Survey of airborne polyfluorinated telomers in K eihan area, J apan Survey of airborne polyfluorinated telomers in K eihan area, J apan
Sayoko Oono,a,d Eriko Matsubara,a.d Kouji H. Harada,a Sokichi Takagi,b Sachiko
Hamada,c Akihiro Asakawa,a K ayoko Inoue,a Isao Watanabe,b Akio Koizumia,*
a Department of Health and Environmental Sciences, Kyoto University Graduate
School of Medicine, Kyoto 6068501, J apan.
b Osaka Prefectural Institute of Public Health, Osaka 5370025, J apan.
c Kyoto Prefectural Institute of Public Health and Environment, Kyoto 6128369, J apan.
d These authors contributed equally to this study
*Address correspondence to:
Akio Koizumi, M.D., Ph.D.
Department of Health and Environmental Sciences, Graduate School of Medicine,
Kyoto University, Yoshida Konoe, Sakyo, Kyoto 606-8501, J apan.
Tel: +81-75-753-4456, FAX: +81-75-753-4458,
Perfluorochemicals such as perfluorooctanoate (PFOA) are environmental
contaminants posing special public health concerns because of their long-term
persistence and bioaccumulation in the environment. They have been used widely
in surfactants, lubricants, firefighting foam and other applications (Kissa 2001).
PFOA and perfluorinated carboxylic acids (PFCAs) with various chain lengths
have been detected in a variety of environmental compartments. The sources of
PFCAs in the environment remain unclear, however degradation of fluorotelomers,
particularly fluorotelomer alcohols (FTOHs), might be indirect sources of PFCAs
(Ellis et al. 2004). Fluorotelomer alcohols are volatile and may undergo
long-range transport. FTOHs are currently produced and used as intermediates for
the synthesis of coatings, polymers, inks, adhesives, waxes and so on.
PFOA and related compounds have also been detected in the environment in
Japan (Nakayama et al. 2005). We have determined PFOA in surface water all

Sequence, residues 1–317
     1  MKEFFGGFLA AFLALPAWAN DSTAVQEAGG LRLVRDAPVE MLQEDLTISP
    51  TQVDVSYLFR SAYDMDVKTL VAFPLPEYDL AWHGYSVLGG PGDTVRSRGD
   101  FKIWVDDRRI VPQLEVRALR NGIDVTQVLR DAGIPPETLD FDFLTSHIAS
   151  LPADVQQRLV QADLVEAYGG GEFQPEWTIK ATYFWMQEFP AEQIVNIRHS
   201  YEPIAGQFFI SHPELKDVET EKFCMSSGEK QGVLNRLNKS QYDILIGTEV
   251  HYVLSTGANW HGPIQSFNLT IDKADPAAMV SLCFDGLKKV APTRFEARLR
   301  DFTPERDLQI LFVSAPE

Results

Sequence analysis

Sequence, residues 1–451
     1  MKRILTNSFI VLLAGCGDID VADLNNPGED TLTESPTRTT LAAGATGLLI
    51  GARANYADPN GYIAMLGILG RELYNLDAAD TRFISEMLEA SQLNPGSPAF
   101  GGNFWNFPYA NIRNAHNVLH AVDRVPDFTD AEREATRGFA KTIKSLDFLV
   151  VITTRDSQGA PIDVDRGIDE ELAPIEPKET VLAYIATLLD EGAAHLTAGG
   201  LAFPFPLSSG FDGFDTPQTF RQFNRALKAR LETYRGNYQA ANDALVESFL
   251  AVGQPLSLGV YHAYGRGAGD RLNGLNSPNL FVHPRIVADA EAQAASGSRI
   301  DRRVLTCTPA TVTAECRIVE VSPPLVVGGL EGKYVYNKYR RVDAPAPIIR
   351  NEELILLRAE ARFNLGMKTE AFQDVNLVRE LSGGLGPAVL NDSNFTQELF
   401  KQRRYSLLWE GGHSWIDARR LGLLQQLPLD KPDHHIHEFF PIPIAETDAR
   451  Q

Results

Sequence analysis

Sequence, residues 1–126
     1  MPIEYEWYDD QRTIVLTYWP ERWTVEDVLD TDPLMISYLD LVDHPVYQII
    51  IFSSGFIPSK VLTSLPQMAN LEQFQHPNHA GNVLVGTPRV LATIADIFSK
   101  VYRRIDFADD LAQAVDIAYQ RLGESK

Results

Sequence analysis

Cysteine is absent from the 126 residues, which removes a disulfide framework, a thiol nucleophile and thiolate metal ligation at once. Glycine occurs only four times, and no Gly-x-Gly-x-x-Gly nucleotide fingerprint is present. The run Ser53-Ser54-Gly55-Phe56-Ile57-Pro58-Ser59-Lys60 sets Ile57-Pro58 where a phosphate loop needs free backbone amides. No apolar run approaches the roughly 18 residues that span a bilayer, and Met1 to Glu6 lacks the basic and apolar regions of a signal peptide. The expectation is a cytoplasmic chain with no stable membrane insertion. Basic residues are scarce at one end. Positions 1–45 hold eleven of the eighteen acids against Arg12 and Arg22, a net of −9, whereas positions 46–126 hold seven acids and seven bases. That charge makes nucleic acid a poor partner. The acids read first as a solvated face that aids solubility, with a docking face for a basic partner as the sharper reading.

over Japan and have found intensive contamination of surface water by PFOA in
the Keihan (Osaka-Kyoto) area (Saito et al. 2004). In addition, serum levels of
PFOA in Kyoto residents were significantly higher than those in residents from
other areas of Japan (Harada et al. 2007; Harada et al. 2004). These data
collectively suggest area-specific sources of PFOA in the Keihan area. The
air-borne PFOA levels were found to be considerably higher at sampling sites on a
busy traffic route (Oyamazaki, Kyoto) than on an urban road (Harada et al. 2005;
Harada et al. 2006). In Kyoto, the estimated daily intake of PFOA from this route
was comparable to that from tap water.
The aim of the present study was to evaluate the concentrations of airborne
FTOHs in the Keihan area. This information may provide an insight into the
origin of PFOA in the environment.
MATERIALS AND METHODS
The test materials, 1H,1H,2H,2H-perfluorooctanol (6:2 FTOH; purity >98%),
1H,1H,2H,2H-perfluorodecanol (8:2 FTOH; >97%) and 1H,1H,2H,2H- perfluoro-
1-dodecanol (10:2 FTOH; >96%) were purchased from Alfa Aesar (Ward Hill,
MA). 1H,1H,2H,2H-perfluorodecyl acrylate (8:2 FTOAcryl; >96%), was
purchased from Lancaster Synthesis (Lancashire, UK). 1H,1H,2H,2H-
heptadecafluorodecyl methacrylate (8:2 FTOMethacryl; >98%) was from
Fluorochem (Derbyshire, UK).
heptadecafluoro-1-nonanol (8:1 FA; >98%) was purchased from Wako Pure
Chemicals (Osaka, Japan). 1D,1D,2D,2H,313C- perfluorodecanol was donated
by the Environmental Protection Agency of the U.S.A. (originally synthesized
by DuPont, Wilmington, DE).